I had forgotten that the qualification period extended to the previous summer, and wasn’t aware that the “three clear cross-country rounds” didn’t have to be at the same level. Turns out, after we had done well at Beginner Novice in 2018, a Novice horse trials in January of 2019 gave us our third clear cross-country round and completed the requirements for the 2019 AEC.

Competing in the Novice at Stable View in January completed their AEC qualification requirements. Erik Jacobs/P.TEN Marketing Photo.

So, while I had been desperately chasing a qualifying dream at Novice for half of the year, it turns out we had already been qualified at Beginner Novice since January – and I had absolutely NO idea whatsoever.

Now I’ve got a revised plan: I’m still going as a vendor with Ride Heels Down (please come check out my booth, I’m also a Prize Level Sponsor of the AEC for the third year in a row!) but I am ALSO going to ride. Honestly, I’m not quite sure yet how I’m going to be able to make that work, but I’ll figure it out.

Even though it’s not Novice like I had hoped, I am still super excited to be able to share this experience with JJ and can’t wait to get out there and do our best. We’ve come a long way, and our injuries have taught me to enjoy the present and make the most of the time we have together because tomorrow isn’t ever guaranteed.

About the USEA American Eventing Championships

The USEA American Eventing Championships (AEC) is the pinnacle of the sport for the national levels. Held annually, the best junior, adult amateur, and professional competitors gather to vie for national championship titles at every level from Beginner Novice to Advanced. This ultimate test of horse and rider draws hundreds of horses and riders from around the country to compete for fabulous prizes, a piece of the substantial prize money, and the chance to be named the National Champion at their respective levels. The 2019 USEA American Eventing Championships will be held August 27-September 1, 2019 at the Kentucky Horse Park in Lexington, Kentucky. Click here to learn more about the USEA American Eventing Championships.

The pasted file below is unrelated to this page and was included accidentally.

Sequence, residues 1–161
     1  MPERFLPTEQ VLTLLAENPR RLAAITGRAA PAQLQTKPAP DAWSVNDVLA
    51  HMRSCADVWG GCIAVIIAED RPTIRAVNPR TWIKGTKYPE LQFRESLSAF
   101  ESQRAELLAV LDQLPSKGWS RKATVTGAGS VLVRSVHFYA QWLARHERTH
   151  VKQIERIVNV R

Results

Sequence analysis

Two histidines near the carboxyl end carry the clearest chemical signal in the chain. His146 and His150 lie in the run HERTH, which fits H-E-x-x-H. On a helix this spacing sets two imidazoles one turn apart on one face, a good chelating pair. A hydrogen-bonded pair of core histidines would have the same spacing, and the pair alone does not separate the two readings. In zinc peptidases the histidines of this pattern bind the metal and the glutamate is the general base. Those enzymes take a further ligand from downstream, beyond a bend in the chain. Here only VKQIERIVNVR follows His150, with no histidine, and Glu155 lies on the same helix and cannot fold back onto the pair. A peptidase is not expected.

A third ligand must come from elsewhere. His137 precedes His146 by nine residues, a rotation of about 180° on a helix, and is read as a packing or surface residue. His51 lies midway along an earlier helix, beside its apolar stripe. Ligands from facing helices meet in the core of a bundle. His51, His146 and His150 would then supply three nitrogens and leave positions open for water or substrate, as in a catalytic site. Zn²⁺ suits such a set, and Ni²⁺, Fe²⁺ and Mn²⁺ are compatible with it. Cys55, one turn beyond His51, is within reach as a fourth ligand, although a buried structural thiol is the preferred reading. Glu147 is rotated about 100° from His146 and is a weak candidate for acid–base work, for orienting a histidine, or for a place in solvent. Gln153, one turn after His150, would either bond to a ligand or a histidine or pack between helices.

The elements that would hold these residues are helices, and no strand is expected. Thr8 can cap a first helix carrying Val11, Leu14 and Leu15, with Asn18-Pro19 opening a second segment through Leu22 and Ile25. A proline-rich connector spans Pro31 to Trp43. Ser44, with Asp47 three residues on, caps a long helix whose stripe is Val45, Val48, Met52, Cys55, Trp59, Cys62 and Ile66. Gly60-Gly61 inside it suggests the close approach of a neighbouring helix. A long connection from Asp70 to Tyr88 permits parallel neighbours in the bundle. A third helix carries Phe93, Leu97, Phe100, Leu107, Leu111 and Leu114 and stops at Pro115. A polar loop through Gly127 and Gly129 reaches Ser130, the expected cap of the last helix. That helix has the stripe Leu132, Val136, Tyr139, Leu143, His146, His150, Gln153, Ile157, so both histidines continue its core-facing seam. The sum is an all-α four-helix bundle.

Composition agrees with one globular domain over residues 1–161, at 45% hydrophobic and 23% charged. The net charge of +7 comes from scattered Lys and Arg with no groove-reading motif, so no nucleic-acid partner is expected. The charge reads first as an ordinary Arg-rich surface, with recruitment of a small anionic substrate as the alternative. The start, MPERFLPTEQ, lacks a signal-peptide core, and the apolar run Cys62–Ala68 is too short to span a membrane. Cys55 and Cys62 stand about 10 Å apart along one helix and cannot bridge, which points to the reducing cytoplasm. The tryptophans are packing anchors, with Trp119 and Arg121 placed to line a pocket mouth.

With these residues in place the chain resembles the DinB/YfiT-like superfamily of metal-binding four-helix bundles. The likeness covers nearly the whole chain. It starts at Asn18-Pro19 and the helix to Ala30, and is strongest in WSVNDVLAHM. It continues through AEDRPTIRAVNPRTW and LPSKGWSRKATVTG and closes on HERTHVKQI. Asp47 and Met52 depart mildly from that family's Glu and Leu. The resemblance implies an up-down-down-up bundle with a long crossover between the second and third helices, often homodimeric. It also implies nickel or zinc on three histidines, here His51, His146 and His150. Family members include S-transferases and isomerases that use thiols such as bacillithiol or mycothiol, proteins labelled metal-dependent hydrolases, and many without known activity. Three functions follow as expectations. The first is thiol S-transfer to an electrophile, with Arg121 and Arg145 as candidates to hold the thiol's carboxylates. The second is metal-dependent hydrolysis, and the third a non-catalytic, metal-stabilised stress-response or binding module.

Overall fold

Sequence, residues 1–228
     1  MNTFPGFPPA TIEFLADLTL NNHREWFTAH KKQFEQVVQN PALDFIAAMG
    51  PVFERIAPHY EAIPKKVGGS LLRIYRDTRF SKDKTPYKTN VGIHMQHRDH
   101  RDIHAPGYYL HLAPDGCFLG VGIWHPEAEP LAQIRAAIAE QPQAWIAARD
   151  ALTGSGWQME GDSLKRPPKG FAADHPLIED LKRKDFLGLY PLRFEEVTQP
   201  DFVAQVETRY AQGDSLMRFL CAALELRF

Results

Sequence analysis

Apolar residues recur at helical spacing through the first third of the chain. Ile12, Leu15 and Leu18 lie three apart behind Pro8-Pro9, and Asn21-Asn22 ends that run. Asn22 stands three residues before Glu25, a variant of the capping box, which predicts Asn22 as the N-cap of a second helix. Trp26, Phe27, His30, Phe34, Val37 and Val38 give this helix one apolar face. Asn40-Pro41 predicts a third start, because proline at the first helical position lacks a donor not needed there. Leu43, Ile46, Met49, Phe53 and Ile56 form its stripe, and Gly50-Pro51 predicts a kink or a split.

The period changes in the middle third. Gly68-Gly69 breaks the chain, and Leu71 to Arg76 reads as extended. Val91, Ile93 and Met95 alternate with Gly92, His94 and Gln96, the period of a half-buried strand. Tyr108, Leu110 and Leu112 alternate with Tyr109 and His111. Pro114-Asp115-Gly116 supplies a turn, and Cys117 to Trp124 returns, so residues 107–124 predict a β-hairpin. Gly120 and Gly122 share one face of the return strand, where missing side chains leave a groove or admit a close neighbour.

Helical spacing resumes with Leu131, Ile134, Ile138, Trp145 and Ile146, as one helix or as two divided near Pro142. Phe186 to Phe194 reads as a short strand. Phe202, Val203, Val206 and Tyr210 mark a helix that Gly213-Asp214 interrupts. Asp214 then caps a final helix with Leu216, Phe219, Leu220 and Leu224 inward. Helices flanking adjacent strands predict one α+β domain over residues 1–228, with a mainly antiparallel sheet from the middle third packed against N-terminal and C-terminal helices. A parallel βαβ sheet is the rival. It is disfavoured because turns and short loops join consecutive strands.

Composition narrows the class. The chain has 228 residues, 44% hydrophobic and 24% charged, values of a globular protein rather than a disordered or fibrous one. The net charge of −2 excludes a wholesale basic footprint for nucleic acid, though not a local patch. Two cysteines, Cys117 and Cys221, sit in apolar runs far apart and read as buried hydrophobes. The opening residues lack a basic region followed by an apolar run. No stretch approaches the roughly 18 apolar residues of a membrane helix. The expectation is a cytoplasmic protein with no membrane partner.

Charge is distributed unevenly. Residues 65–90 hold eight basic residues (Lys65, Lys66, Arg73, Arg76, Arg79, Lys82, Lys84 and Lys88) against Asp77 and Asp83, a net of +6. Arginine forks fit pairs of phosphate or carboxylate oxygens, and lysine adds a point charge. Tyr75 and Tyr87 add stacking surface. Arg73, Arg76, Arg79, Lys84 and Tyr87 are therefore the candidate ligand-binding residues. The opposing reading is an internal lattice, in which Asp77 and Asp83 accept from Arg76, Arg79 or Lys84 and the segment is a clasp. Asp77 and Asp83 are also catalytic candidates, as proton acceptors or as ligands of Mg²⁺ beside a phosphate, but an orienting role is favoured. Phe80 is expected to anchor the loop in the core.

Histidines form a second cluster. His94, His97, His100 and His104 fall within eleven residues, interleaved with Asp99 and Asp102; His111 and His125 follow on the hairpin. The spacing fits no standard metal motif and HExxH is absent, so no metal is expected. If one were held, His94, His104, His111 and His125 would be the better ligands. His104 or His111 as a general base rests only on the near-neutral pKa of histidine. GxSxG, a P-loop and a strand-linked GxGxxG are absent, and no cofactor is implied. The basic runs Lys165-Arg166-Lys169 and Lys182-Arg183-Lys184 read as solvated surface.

May 24, 2020 Education

Grid Pro Quo with Andrea Pfeiffer

Like most professionals, I tend to do gridwork for most of the winter, before transitioning to coursework through the competition season. I find this exercise to be a good middle ground exercise as you have a little bit of a gymnastic combined with two easy bending exercises to set you up well for doing courses.

May 23, 2020 Classic Series

Memories from the Vet Box with Stephen Bradley

In 1993, Stephen Bradley had something to prove. It was the year after the Barcelona Olympic Games where Bradley had two unexpected refusals at the water complex. “It was very disappointing and a huge learning curve for me,” said Bradley. Little did he know, his path to redemption would result in winning the Burghley Horse Trials CCI4* (now CCI5*-L) – a victory so great that only two Americans have achieved: Bruce Davidson Sr. in 1974 and Bradley in 1993.

May 22, 2020 Rules

USEF Approves COVID-19 Rule Modifications for 2020

The United States Equestrian Federation (USEF) has approved additional modifications to the USEF Rules For Eventing in accordance with a resolution approved by the Board of Directors to address issues related to the effects of the COVID-19 Pandemic. The full listing of rule modifications related to COVID-19 impacts can be viewed by clicking here.

May 22, 2020 Eventing News

Land Rover Burghley 2020 Cancelled Due To Coronavirus Outbreak

It is with great disappointment and sadness that we announce the cancellation of the 2020 Land Rover Burghley Horse Trials due to the coronavirus outbreak.